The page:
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Napalm (naphthenic and palmitic acids) is the thickener used to coagulate gasoline into a gelatine for military uses. Developed by Harvardmarker chemists, headed by Louis Fieser, the thickener’s name, napalm, derives from the first letters of the names of the thickeners, coprecipitated aluminium salts of naphthenic and palmitic acids. Currently, napalm is the generic name denoting several flammable liquids used in warfare, often jellied gasoline.

A major problem with early incendiary fluids was that they splashed and drained too easily. The U.S. learned that a gasoline gel increased the range and effectiveness of flamethrowers, but its manufacture was difficult because it used natural rubber (latex), which then was expensive and in high demand for other war effort purposes (e.g. truck tires). Napalm was the cheaper alternative to latex (rubber-based) incendiaries.


Napalm is usually a mixture of gasoline with suitable thickening agents. The earliest thickeners were soaps, aluminium or magnesium palmitates and stearates. There have been unconfirmed reports of using blood from livestock as a field-expedient thickening agent combined with gasoline to make napalm, as was mentioned in the mystery novel called 'Gorky Park.' Depending on the amount of added thickener, the resulting viscosity may range between syrupy liquid and thick rubbery gel. The content of long hydrocarbon chains makes the material highly hydrophobic (resistant to wetting with water), making it more difficult to extinguish. Thickened fuel also rebounds better from surfaces, making it more useful for operations in urban terrain.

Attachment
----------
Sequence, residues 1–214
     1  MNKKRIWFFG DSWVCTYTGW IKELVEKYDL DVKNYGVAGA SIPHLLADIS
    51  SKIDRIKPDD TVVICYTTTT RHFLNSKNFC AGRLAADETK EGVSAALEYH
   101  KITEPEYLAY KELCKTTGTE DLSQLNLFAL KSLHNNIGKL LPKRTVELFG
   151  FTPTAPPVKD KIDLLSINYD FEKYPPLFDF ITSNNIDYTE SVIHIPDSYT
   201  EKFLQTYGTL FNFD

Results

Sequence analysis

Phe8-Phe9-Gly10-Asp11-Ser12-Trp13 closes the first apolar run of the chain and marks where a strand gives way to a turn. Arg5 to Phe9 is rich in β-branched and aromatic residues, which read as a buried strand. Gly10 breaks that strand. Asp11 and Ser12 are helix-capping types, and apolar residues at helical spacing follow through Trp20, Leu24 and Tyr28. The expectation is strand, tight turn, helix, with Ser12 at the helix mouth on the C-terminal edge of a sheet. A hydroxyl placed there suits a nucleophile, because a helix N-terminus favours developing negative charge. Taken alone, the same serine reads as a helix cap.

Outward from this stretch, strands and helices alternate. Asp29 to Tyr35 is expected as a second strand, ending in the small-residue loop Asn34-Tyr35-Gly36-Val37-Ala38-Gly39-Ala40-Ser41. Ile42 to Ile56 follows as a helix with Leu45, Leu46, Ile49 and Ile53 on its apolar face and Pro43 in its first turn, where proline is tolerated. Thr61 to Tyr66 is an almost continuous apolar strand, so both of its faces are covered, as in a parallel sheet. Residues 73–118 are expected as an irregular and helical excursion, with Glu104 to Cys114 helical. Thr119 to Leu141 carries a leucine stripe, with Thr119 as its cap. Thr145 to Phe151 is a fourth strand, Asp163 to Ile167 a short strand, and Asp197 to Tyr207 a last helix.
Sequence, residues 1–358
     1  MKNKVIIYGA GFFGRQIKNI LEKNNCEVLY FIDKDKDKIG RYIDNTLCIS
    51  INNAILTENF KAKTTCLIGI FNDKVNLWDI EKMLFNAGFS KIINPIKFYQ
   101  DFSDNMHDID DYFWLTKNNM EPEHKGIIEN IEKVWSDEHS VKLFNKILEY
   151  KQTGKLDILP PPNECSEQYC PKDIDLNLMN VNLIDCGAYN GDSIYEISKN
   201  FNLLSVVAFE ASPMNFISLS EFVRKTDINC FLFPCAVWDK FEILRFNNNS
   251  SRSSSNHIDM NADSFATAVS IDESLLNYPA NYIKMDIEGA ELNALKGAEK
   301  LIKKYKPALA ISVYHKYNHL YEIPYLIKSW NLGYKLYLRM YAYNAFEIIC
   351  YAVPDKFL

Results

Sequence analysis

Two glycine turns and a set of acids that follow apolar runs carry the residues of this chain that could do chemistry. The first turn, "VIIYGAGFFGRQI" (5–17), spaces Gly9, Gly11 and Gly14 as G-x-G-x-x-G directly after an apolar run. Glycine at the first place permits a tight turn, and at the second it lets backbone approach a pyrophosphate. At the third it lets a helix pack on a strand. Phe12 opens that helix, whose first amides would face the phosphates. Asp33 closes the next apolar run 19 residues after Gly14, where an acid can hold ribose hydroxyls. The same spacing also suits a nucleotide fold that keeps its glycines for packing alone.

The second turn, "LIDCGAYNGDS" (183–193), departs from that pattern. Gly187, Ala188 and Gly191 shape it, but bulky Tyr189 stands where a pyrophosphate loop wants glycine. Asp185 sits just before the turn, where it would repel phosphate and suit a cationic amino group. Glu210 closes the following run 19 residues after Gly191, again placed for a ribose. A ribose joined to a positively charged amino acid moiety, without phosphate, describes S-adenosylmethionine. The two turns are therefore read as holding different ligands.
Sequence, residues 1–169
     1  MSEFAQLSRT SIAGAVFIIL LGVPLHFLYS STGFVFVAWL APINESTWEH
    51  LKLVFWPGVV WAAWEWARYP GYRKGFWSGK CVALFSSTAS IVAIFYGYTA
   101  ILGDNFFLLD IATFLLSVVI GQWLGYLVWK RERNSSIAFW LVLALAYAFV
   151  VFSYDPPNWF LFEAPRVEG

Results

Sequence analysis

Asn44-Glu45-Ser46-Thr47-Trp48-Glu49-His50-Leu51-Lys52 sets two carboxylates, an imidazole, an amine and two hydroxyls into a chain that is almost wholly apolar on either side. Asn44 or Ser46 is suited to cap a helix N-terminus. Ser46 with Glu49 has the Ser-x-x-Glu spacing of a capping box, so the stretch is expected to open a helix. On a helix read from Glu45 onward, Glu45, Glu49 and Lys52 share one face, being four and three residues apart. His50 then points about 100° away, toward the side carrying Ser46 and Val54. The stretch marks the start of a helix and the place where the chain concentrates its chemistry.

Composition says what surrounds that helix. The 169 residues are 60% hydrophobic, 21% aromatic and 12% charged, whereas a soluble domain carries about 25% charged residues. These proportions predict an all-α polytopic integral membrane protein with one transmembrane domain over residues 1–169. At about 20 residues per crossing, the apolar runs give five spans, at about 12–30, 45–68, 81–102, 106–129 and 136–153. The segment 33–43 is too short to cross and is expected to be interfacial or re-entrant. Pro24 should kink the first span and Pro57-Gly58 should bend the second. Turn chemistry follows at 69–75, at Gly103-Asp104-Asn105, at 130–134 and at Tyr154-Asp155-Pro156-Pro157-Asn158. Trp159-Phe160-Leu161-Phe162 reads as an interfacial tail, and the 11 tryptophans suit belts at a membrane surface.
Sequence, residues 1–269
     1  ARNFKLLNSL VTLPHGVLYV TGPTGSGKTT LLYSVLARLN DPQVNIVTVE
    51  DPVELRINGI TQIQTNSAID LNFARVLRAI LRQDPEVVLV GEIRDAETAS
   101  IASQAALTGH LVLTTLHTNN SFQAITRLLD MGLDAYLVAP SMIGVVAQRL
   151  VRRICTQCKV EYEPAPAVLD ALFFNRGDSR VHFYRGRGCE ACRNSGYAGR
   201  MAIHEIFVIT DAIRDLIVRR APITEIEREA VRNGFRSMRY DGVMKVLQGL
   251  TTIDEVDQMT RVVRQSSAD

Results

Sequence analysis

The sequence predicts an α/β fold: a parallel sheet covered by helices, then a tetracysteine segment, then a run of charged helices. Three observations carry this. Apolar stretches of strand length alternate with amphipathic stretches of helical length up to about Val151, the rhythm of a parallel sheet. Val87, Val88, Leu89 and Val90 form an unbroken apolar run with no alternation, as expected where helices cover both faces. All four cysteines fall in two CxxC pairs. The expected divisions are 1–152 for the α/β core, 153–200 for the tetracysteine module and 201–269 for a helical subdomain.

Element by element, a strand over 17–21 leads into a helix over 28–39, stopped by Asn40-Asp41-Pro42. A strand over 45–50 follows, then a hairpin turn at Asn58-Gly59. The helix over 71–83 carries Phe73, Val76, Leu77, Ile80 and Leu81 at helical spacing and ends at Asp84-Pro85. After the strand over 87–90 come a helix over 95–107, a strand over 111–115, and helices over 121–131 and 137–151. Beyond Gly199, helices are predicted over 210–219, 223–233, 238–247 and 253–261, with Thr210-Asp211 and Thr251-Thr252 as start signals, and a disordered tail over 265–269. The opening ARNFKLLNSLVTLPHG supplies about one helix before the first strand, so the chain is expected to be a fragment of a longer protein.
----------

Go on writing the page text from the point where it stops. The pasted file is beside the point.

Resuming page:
There are two types of napalm: oil-based with aluminium soap thickener, and oil-based with polymeric ("napalm-B").

The United States military uses three kinds of thickeners: M1, M2, and M4.
  • The M1 Thickener (MIL-T-589A), chemically a mixture of 25% wt. aluminium naphthenate, 25% aluminium oleate, and 50% aluminium laurate, (or, according to other sources, aluminium stearate soap) is a highly hygroscopic coarse tan-colored powder. As the water content impairs the quality of napalm, thickener from partially used open containers should not be used later. It is not maintained in the US Army inventory any more as it was used concurrently with M4. MIL-T-589A was cancelled 30 October 1987.
  • The M2 Thickener (MIL-T-0903025B) is a whitish powder similar to M1, with added devolatilized silica and anticaking agent.
  • The M4 flame fuel thickening compound (MIL-T-50009A), hydroxyl aluminium bis with anti-caking agent, is a fine white powder. It is less hygroscopic than M1 and opened containers can be resealed and used within one day. About half the amount of M4 is needed for the same effect as of M1. MIL-T-50009A was in use from 22 May 1959 and was listed INACTIVE 5 June 1996 for new design.